The real ‘Penny Lane’

When the Beatles came out with a new song, it was a happening. When “Penny Lane” came out, it was a revelation. This little story song was an amazing piece of music, from the way they launched right into the vocal without introduction to the lilting piccolo trumpet wafting over the feedback after the final chord.

But something, um, very strange happened after a couple of weeks. Someone edited out the lilting piccolo trumpet wafting over the feedback after the final chord. It was like giving the Mona Lisa a haircut.

When the song came over the radio, instead of those perfect final seven notes, the song ended with a piano crash and the inevitable feedback, but the trumpet player no longer chimed in. No, no, no, no, no, no, no. When I bought the single, some of the labels said 2:57 and some of them said 3:00. I bought one that said 3:00 figuring the trumpet conclusion must run three seconds. But it was the wrong version. No, no, no, no, no, no, no.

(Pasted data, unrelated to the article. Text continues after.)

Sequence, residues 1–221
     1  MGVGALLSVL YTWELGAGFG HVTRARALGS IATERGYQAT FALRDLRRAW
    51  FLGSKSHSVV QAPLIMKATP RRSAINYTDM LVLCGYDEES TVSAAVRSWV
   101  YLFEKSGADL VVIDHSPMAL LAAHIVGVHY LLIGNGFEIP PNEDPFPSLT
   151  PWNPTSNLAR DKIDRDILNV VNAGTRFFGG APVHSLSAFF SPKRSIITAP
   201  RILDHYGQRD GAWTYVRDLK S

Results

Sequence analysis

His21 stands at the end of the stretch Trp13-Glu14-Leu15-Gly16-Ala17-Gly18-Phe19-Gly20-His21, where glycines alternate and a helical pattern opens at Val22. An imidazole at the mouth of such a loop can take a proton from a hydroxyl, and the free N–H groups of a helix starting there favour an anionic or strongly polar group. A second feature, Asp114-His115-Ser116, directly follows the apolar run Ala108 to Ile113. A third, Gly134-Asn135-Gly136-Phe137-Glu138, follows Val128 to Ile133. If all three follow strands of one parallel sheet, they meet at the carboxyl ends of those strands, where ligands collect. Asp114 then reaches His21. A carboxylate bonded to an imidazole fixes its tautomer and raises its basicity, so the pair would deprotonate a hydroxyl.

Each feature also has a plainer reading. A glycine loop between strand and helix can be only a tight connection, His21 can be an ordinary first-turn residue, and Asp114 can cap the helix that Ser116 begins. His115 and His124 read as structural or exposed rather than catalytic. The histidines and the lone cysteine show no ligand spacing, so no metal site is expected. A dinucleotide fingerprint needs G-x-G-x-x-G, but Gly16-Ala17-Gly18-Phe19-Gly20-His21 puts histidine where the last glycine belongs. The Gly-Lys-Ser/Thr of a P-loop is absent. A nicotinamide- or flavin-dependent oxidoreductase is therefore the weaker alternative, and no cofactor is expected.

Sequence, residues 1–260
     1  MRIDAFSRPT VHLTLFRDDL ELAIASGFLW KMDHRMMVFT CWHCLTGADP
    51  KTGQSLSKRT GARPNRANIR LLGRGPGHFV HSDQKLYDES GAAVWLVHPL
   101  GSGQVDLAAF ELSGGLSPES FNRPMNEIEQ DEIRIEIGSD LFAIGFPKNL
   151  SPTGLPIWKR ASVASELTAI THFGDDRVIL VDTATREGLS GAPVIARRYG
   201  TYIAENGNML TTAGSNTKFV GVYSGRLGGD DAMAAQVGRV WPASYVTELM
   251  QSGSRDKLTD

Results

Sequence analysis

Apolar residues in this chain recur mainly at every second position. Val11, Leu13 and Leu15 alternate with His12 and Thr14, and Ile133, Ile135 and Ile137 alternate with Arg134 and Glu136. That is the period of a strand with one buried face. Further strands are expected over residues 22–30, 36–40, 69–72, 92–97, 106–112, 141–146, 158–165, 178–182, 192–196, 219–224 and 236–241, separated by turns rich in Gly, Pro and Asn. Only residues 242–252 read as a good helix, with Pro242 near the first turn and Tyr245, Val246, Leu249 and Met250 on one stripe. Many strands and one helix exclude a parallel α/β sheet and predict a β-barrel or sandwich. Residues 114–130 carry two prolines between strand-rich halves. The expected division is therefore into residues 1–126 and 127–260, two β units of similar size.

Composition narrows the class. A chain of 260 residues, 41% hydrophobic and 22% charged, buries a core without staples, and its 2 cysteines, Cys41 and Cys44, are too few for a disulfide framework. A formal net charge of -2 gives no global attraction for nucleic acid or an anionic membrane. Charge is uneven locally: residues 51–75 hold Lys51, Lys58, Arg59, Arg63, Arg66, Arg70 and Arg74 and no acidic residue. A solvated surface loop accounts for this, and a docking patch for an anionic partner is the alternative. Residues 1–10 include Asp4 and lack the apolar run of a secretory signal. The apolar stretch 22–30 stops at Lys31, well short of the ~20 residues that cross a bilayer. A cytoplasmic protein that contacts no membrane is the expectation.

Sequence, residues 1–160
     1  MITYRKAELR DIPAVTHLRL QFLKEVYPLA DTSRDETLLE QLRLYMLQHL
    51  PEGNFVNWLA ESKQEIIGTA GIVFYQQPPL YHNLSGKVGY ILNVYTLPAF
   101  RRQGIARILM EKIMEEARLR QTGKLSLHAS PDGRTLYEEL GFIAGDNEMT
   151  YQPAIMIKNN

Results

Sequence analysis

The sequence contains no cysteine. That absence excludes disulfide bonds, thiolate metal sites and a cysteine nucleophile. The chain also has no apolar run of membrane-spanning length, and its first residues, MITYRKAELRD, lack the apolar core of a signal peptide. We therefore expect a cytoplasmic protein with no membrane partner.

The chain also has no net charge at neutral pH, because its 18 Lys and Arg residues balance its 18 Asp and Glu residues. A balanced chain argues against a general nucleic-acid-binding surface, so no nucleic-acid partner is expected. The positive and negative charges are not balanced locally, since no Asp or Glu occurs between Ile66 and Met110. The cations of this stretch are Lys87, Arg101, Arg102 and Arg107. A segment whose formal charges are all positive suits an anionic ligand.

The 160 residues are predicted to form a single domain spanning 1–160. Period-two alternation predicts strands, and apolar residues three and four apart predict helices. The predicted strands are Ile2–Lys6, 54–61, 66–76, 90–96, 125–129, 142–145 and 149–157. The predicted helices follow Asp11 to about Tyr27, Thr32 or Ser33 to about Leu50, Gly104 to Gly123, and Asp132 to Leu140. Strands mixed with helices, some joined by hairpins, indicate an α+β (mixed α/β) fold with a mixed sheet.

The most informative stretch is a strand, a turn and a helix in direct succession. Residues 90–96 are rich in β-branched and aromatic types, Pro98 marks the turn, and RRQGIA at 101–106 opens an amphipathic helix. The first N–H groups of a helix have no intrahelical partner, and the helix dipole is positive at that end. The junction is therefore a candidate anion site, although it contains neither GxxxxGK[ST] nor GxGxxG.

So powerful was the original ending that I took to humming the trumpet part when the song ended. Thirteen long years I heard those phantom notes in my mind when I heard the song.

Then, in 1980, they came out with an album called “Beatles Rarities,” and the long nightmare ended. The real “Penny Lane” was available again.

I’ve never understood why they decided to truncate the original version. Maybe they thought the feedback was cool and they wanted to emphasize it. But for darn near a half-century now, this is the only version of “Penny Lane” I can tolerate.


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Wordsmith, journalist and podcaster, Warren is a reporter, editor and storyteller who lives near the shores of Green Bay with his wife, two golden retrievers, and a couple of cats.